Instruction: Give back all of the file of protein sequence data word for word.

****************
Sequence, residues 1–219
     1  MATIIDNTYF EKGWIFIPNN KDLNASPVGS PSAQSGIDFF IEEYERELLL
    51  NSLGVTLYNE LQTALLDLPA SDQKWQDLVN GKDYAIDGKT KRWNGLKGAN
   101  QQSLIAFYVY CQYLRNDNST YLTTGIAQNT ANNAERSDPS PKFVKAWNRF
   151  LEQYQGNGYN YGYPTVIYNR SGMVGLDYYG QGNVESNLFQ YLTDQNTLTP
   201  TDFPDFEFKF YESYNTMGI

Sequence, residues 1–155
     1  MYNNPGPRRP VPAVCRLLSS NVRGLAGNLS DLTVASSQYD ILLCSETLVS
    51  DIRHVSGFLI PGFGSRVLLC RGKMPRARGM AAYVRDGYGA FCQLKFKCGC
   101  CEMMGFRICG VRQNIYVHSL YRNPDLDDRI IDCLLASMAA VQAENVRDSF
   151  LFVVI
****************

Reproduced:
Sequence, residues 1–219
     1  MATIIDNTYF EKGWIFIPNN KDLNASPVGS PSAQSGIDFF IEEYERELLL
    51  NSLGVTLYNE LQTALLDLPA SDQKWQDLVN GKDYAIDGKT KRWNGLKGAN
   101  QQSLIAFYVY CQYLRNDNST YLTTGIAQNT ANNAERSDPS PKFVKAWNRF
   151  LEQYQGNGYN YGYPTVIYNR SGMVGLDYYG QGNVESNLFQ YLTDQNTLTP
   201  TDFPDFEFKF YESYNTMGI

Sequence, residues 1–155
     1  MYNNPGPRRP VPAVCRLLSS NVRGLAGNLS DLTVASSQYD ILLCSETLVS
    51  DIRHVSGFLI PGFGSRVLLC RGKMPRARGM AAYVRDGYGA FCQLKFKCGC
   101  CEMMGFRICG VRQNIYVHSL YRNPDLDDRI IDCLLASMAA VQAENVRDSF
   151  LFVVI